[e-lang] JSONSerializer review, further study of reviewable coding techniques

David Wagner daw at cs.berkeley.edu
Sat Aug 9 00:07:45 CDT 2008

Tyler Close writes:
>The JSONSerializer has some security relevant constraints to enforce
>in its implementation, that, AFAICT, aren't readily expressible in the
>language provided by Joe-E. So this produces some questions:
>1. Is there an alternate design where the documented constraints could
>be verified by Joe-E?
>2. Is there some extension of the Joe-E verifier that would enable
>this verification?
>3. If verification is not feasible, what's the best way to explain how
>the constraints are enforced?

I'm still reading this code, but I noticed the following comment:

  // Application code cannot extend ConstArray, so iteration of the
  // values array will not transfer control to application code.

If this is an example of a security property you'd like to express,
I think we do have an idea for how one might verify this, with a simple
extension to the Joe-E verifier.

The idea: Add a marker interface, Library.  The intended semantics
are that, if C implements Library, then C is not subclassable by Joe-E
code.  The Joe-E verifier would need to be extended, so that it rejects
any Joe-E code that attempts to define a class that is a subtype of
Library.  Then org.joe_e_.ConstArray could be marked to implement Library.
Similarly, we could look whether there are other relevant parts of the
Joe-E library or Java library that can be usefully be marked Library.
In the case of Java libraries, specific Java classes could be marked
honorarily Library.  For instance, it might be useful to mark
java.math.BigInteger as honorarily Library, so that code which accepts
a BigInteger from an untrusted source can trust the behavior of the
BigInteger object.

I believe we've discussed this idea before.  This has previously been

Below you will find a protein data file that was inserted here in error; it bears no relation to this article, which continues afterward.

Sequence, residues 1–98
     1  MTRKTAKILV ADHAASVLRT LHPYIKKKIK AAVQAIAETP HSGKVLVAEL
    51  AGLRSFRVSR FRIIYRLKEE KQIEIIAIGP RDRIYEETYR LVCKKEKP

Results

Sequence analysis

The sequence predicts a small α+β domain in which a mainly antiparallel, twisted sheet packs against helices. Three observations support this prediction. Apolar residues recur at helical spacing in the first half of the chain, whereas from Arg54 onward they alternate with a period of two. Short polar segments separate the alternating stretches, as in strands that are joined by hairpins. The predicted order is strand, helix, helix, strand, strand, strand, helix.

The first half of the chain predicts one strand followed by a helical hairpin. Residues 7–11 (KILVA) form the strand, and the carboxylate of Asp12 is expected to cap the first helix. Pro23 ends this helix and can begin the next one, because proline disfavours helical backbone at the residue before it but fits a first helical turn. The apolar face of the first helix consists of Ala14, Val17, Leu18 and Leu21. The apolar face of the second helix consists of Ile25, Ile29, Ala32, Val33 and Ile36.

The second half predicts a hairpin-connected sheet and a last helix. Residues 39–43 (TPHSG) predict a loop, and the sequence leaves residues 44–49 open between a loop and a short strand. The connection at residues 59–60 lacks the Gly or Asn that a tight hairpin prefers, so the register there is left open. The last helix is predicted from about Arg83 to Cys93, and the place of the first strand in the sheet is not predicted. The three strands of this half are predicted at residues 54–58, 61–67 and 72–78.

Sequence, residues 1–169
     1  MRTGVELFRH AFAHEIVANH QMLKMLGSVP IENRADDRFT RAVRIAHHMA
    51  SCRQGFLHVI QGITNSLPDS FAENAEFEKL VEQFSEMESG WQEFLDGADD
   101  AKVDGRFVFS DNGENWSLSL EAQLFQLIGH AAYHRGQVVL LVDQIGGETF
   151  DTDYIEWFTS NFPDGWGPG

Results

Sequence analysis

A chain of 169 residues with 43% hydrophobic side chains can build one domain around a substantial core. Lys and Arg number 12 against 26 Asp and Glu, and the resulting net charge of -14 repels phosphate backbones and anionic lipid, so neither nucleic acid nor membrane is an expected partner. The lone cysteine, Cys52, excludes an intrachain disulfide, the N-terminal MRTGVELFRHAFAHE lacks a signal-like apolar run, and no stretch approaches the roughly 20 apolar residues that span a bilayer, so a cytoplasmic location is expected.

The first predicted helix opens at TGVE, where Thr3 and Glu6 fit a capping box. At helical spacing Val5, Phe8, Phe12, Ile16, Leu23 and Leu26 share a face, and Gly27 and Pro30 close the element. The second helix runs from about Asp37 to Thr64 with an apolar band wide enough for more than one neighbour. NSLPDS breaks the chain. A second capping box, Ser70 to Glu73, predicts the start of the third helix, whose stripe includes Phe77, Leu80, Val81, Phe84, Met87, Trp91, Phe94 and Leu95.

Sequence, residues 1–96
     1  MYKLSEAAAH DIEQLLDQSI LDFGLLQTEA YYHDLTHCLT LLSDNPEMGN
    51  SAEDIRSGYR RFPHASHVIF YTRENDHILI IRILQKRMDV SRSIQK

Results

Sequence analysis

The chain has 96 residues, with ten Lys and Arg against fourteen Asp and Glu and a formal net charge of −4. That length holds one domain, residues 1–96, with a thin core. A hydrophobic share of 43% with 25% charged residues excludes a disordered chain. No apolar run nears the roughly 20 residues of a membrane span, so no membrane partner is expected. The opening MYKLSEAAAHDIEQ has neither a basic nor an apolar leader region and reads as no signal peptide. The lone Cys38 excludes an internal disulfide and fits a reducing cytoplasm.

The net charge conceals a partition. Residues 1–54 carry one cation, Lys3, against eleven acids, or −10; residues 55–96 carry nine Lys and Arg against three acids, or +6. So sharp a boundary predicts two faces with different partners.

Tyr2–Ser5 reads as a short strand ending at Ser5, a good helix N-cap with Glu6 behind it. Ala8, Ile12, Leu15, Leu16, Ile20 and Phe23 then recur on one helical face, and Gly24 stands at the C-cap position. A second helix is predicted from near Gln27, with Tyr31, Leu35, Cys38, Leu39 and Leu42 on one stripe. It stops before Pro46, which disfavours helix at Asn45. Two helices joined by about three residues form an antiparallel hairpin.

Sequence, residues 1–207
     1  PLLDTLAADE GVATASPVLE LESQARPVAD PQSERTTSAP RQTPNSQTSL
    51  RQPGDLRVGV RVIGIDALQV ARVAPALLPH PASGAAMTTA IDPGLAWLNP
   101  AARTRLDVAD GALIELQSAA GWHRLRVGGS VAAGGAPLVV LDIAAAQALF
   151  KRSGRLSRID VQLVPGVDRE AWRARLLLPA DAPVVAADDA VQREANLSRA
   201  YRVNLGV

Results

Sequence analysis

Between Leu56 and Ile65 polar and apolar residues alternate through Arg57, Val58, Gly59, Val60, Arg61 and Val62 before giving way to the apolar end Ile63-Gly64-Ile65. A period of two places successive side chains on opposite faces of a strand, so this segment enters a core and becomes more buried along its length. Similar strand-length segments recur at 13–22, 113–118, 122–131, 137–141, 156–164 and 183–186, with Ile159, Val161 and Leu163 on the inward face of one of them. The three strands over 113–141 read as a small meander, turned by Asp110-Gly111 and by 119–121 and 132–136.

discussed in the context of using the type system to make it easier to
reason about behavior of certain objects.  However, it would also be
applicable to your particular goal: if ConstArray were marked Library
and Joe-E code were forbidden from subclassing subtypes of Library, then
it might be slightly easier to verify that method calls on a ConstArray
cannot transfer control to application code.  You might still need the
implementation comment, but it might be easier for auditors to verify
the correctness of the implementation comment, and this would generalize
neatly beyond ConstArrays.

What do you think?  Do you think this extension to Joe-E would be
helpful, or does this miss the essential issue?

P.S. I wonder if it might be useful to have an IDE that provided some
kind of visualization support to make it easy to spot transfer of control
to "untrusted" code, e.g., by marking method calls that transfer control
in red or something.  Of course, there would have to be some way to
describe to the IDE which objects have "trusted behavior" (hence we're
not concerned about transferring control to them) vs which objects are
not, so that the IDE can distinguish usefully.  Do you think this might
make it easier in a security review to keep an eye out for plan
interference hazards?

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